At the end of the transformation process, the company should be able to move forward from the past state to the future state. Implemented properly, the outcome should be a significant improvement in business procedures, system capabilities and eventually better business performance. It is more likely that a more flexible, adaptive and responsive organization will prosper these days.

Mark Rome CFO, Director of Finance, Controller, Manufacturing, Aerospace & Defense, Construction, Logistics, Software & SaaS

November 24th, 2015

Meir, you raise some excellent points, “It means that leaders should re-align (if and when required) basic values, attitudes and business assumptions.”

For business transformations to succeed, they must look beyond restructuring business processes.

In the Fall of 2013, the local news media in Phoenix, Arizona reported a backlog of more than 6,000 cases of child abuse and neglect that went un-investigated by Child Protective Services (CPS). But three years earlier, in March 2011, CPS Director Clarence Carter recognized that the workload was unsustainable, and kicked off a systemic process improvement initiative. To accomplish his goals, CPS contracted with a nationally recognized third party team of experts from Change and Innovation Agency.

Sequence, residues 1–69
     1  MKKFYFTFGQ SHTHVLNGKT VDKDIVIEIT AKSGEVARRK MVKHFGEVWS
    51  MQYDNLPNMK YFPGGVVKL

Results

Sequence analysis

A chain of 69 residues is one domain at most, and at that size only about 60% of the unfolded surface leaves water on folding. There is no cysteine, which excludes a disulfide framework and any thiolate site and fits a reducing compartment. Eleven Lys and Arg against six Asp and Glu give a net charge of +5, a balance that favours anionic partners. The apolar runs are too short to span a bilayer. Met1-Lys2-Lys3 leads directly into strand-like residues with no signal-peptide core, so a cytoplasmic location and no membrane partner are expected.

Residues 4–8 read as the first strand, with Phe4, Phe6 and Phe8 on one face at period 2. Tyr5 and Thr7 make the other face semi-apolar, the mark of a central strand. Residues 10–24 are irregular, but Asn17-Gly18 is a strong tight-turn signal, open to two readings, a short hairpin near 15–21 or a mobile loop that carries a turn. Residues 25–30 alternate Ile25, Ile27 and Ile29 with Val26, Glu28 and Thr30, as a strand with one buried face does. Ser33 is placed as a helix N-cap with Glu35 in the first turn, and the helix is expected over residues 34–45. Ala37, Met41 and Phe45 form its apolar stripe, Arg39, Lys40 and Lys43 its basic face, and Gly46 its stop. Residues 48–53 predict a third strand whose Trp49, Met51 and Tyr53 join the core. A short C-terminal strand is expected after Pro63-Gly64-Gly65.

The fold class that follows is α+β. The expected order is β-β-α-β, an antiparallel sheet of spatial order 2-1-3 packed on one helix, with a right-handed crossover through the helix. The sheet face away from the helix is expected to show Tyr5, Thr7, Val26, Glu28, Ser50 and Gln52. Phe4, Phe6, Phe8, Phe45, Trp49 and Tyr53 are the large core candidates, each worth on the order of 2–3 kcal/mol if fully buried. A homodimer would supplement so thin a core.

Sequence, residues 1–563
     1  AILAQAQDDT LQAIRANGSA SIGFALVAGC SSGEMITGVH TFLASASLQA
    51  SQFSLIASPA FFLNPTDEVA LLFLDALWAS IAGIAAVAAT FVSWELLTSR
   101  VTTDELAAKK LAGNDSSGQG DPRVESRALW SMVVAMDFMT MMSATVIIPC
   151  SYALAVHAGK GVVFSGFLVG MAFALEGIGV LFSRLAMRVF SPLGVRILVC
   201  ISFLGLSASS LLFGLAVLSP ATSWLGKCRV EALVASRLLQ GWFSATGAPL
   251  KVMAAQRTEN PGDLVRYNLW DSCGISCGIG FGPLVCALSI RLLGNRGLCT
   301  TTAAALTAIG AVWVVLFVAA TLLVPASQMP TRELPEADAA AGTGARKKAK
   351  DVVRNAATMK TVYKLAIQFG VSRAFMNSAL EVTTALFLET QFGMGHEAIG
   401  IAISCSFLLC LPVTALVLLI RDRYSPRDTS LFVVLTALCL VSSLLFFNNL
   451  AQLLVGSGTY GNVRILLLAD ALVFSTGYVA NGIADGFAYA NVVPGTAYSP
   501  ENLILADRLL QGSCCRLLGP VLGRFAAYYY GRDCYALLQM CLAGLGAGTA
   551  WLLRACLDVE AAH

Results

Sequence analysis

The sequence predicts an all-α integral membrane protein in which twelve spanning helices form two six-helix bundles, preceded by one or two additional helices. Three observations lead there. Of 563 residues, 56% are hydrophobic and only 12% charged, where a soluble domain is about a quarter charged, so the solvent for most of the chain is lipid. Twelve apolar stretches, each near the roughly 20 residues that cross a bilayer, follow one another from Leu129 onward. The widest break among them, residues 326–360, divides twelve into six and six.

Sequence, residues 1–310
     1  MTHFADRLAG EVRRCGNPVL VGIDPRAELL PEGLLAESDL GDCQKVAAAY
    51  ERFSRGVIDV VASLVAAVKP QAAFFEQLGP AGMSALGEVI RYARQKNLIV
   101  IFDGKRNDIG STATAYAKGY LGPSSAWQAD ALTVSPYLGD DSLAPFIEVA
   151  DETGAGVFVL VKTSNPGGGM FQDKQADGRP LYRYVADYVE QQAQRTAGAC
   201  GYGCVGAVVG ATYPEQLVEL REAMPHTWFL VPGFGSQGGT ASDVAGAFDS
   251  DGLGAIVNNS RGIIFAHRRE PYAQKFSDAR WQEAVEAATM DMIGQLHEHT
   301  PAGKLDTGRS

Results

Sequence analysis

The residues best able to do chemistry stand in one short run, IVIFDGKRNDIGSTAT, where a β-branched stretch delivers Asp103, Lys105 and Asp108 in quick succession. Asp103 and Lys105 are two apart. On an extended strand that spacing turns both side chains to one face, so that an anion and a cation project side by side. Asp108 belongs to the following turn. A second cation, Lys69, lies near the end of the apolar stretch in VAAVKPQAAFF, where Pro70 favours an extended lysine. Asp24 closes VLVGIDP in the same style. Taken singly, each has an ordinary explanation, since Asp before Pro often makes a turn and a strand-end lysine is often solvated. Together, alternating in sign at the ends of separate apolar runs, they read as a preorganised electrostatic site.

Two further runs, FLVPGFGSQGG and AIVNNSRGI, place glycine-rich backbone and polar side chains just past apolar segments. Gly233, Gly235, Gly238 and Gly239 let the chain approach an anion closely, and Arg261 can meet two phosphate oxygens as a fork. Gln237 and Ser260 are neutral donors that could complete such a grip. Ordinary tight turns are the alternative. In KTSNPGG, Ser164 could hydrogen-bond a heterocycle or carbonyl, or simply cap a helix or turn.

Each of the major work flows in the process of keeping children safe and improving child and family well-being were dissected and laid out from beginning to end. The process led to the elimination of the need for more than 200,000 work hours of staff time each year.
  But there were no long-term sustainable performance improvements, as caseloads continued to rise, and employee turnover for case investigators continued to climb.  By focusing strictly on BUSINESS PROCESSES without understanding the interaction between PEOPLE (skills, performance levels, decision-making), PROJECTS, and INFRASTRUCTURE (IT systems, technology, facilities, equipment), the process improvement initiative failed to achieve measurable improvement. 

Business transformation initiatives must